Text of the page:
At first blush, Greenwood Industries looks and sounds like it could be a Fortune 500 corporation, a legacy company with a long history of innovative success, or a vehicle for ambitious future growth that includes an international footprint.
It could be all three — and more — according to the commercial roofing company's leaders, Owner and President Dave Klein and Chief Operating Officer Matt Brown. But the two long-time business partners and life-long friends say, at its heart, Greenwood is simply a roofing and waterproofing company dedicated to its craft while finding solutions regardless of perceived limitations.
Barely in business for three decades, the Worcester, Mass.- based enterprise installs all types of commercial roofing, as well as architectural metal, green roofs, and waterproofing, as well as a robust maintenance and service department. Upon developing a niche for historical projects, crews also provide intricate masonry restoration and repair.
"We always felt like we should never limit ourselves as a company to one type of work," Klein said. "When you get into the roofing business, you'll find guys that just do shingles, or just do EPDM, or only do built-up very well,” he added. “For us, it's always been that mindset: there's no reason we can't train our guys and learn what needs to be done; so, if it can be done, we can do it — and that's always been our approach."
For nearly three decades, the company has grown a reputation for tackling tough jobs, whether they be historic buildings throughout New England or cutting-edge architecture reinvigorating metropolitan aesthetics in thriving downtowns.
In recent years, Greenwood’s more than 900 union workers have executed award-winning workmanship on some of the most complex and innovative building designs across the Northeast, both in rural communities and within large municipalities. The company has also worked on historic icons, including Boston's Fenway Park.
Greenwood’s consistent success and shrewd expansion moves within the last few years allowed the company entrée into the rarified Top 10 of RC's 2023 Top 100 List — generating $218 million in revenue, a company record. The staggering revenue achievement equates to an overall increase of 28%, which the company attributes to factors including an increase in market share through regional expansion and a robust backlog of projects.
Amid the success and demonstrated growth, Greenwood's leaders always found ways to give back to their community, their employees and the industry overall — making the company RC's 2023 Commercial Roofing Contractor of the Year.
Greenwood Industries crews, like these installers from the Connecticut branch, work with all types of commercial roofing materials and offer a robust maintenance and service department.
Blue Collar Origins
Klein didn't always think he was destined for roofing, even though his grandfather, father and uncle each had roles with different roofing companies in and around Worcester. The city’s central location in Massachusetts helped foster its growth as a manufacturing hub with solid blue-collar roots, which often gets overlooked given its size — population 206,000 — because it exudes a "small-town" feel, as Klein described.
Though he worked in the family trade, Klein enrolled at Syracuse University to pursue technology. Still, after a few internships that offered him a taste of the future, he realized that roofing was worth pursuing. He worked with his father, George, for a few years before the stock market collapse of 1987 brought about tough economic times, only to be made worse after his father fell ill, leading to the company’s closure.
A few years later, Klein established Greenwood Industries on his own, sort of; alongside him was Brown, a friend dating back to grade school who he worked on roofing projects with throughout high school and college.
Brown graduated from Bates College in Maine, where he studied political science and played football. He honed his business skills, earning an MBA in international business from Pepperdine University in Malibu, Calif. Helping Greenwood get off the ground, Brown worked closely with Klein's mother, Linda, the firm's chief financial officer, in the company’s office.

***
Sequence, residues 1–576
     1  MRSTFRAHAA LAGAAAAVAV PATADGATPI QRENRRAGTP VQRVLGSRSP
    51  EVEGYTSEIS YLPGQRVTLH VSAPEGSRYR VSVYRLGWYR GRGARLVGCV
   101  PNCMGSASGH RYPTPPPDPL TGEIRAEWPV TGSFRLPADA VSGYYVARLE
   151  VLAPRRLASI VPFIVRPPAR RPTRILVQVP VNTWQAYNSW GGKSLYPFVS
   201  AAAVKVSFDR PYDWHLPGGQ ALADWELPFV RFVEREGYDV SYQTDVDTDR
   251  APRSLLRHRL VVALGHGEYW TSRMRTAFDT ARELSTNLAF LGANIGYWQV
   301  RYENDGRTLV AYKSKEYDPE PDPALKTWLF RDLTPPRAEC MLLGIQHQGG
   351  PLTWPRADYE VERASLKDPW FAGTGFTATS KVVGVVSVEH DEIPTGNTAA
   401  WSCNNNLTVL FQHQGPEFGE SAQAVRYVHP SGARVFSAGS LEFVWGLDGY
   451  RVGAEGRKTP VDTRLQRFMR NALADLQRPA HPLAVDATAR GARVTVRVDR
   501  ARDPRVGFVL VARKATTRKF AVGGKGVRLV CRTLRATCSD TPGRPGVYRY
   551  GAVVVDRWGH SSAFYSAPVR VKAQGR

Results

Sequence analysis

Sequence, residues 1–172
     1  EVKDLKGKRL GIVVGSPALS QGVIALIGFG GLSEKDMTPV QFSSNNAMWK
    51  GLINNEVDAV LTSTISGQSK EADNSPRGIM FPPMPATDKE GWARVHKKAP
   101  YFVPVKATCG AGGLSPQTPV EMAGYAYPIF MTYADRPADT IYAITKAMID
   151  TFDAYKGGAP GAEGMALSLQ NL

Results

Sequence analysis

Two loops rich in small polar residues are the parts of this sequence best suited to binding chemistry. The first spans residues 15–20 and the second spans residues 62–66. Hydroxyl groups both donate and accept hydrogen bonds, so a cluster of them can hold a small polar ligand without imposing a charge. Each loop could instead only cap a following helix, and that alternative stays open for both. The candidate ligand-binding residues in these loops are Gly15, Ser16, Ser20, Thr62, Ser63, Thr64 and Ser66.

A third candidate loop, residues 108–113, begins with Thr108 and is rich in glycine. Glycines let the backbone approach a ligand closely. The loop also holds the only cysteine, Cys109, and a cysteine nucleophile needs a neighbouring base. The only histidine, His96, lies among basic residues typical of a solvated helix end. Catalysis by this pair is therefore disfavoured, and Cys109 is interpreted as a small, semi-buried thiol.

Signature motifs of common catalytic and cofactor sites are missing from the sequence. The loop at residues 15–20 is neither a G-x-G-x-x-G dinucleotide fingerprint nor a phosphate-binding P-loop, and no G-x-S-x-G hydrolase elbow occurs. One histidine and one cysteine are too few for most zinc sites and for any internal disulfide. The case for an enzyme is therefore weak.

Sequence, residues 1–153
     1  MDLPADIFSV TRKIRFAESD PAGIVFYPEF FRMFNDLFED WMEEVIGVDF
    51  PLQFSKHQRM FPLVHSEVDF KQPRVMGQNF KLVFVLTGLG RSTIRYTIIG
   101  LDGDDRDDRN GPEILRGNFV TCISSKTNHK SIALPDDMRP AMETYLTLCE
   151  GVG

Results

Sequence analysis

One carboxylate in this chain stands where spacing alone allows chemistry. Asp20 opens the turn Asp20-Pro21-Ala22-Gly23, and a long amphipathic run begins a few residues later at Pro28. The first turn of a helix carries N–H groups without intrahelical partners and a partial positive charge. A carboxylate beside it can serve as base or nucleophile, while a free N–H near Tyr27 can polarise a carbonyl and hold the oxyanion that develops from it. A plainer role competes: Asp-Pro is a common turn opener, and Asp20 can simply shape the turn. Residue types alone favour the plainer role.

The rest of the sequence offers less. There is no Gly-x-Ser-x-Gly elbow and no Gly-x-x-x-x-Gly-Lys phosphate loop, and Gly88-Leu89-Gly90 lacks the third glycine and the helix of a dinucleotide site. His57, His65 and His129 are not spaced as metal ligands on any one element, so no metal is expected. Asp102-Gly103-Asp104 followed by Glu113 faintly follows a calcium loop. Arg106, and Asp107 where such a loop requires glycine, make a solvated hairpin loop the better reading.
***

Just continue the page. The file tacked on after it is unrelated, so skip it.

"When we worked for Dave's dad, he had Dave in the field and me in the office, and that's kind of how we ran it when we started this business," Brown said. "If he had a plan… he never said it to us, but he just knew back then that it was how it should go."
Despite his business qualifications and experience, Brown may not have "officially" joined Klein's burgeoning company had it not been for the founder's "lead foot": Klein received three speeding tickets during the previous year, which under Massachusetts law meant surrendering his license for a month.
"He said, ‘Hey, can you drive me around for 30 days?’” Brown recalled. “And I did, which was fine when we were on the road, but I had all this time in the office with nothing to do, so I just started doing things a young business [required]."
They weren't small tasks, either. Brown drafted a formal business plan and the company's first official safety plan, quickly proving his worth well beyond the chauffeur role he “excelled at,” Klein quipped. It was Klein's father, who was brought on board to offer wisdom and vision, that insisted they hire Brown full-time as he started to field other job offers.
The two have maintained that loyal friendship while working as partners, developing their method for success and becoming leaders in the community known for their professionalism. The pair earned Worcester's official “Key to the City” earlier this year. They were each also recently named “distinguished alumni” of the Worcester Public Schools. Greenwood is currently completing roof work on the pair’s alma mater high school.
GREENWOOD INDUSTRIES, INC.Locations: Headquartered in Worcester, Mass.; nine locations in Northeast.
Founded: 1993, by David Klein
Current Principal Owner: David Klein, President
Scope of Work: 100% commercial
2022 Annual Revenue: $218 million
Company Specialty: Standard and complex commercial roofing, architectural metal, green roofs, waterproofing, maintenance and service, and historical projects, including masonry restoration and repair.
Number of Employees: 900 union
Did You Know?: When the state of New York issued an emergency pause in March 2020 over COVID-19 concerns, the roof of Syracuse University’s Carrier Dome was already deflated and removed. Greenwood’s project team devised a new plan, identified new resources and still delivered the project on time and at budget.
Setting Itself Apart
Right away, Klein recognized the unique potential for Greenwood's growth by capitalizing on Worcester's central Massachusetts location, leveraging its proximity to other New England population centers, including Hartford, Conn., and Providence, R.I.